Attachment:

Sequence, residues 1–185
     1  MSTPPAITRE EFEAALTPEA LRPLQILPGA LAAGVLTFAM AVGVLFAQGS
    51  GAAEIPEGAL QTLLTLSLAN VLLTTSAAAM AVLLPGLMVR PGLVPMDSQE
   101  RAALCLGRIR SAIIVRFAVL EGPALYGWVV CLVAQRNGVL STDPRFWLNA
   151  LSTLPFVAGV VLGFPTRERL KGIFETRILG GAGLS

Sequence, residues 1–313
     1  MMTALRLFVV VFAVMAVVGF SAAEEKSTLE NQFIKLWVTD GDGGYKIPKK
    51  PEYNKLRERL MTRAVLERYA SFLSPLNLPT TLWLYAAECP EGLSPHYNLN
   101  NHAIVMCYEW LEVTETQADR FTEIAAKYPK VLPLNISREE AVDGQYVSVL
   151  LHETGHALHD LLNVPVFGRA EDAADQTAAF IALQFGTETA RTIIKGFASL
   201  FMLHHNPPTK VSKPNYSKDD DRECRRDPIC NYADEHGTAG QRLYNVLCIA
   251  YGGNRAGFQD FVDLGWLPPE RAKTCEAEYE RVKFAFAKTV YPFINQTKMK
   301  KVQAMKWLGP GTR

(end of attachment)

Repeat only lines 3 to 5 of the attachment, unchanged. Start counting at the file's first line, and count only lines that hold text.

    51  GAAEIPEGAL QTLLTLSLAN VLLTTSAAAM AVLLPGLMVR PGLVPMDSQE
   101  RAALCLGRIR SAIIVRFAVL EGPALYGWVV CLVAQRNGVL STDPRFWLNA
   151  LSTLPFVAGV VLGFPTRERL KGIFETRILG GAGLS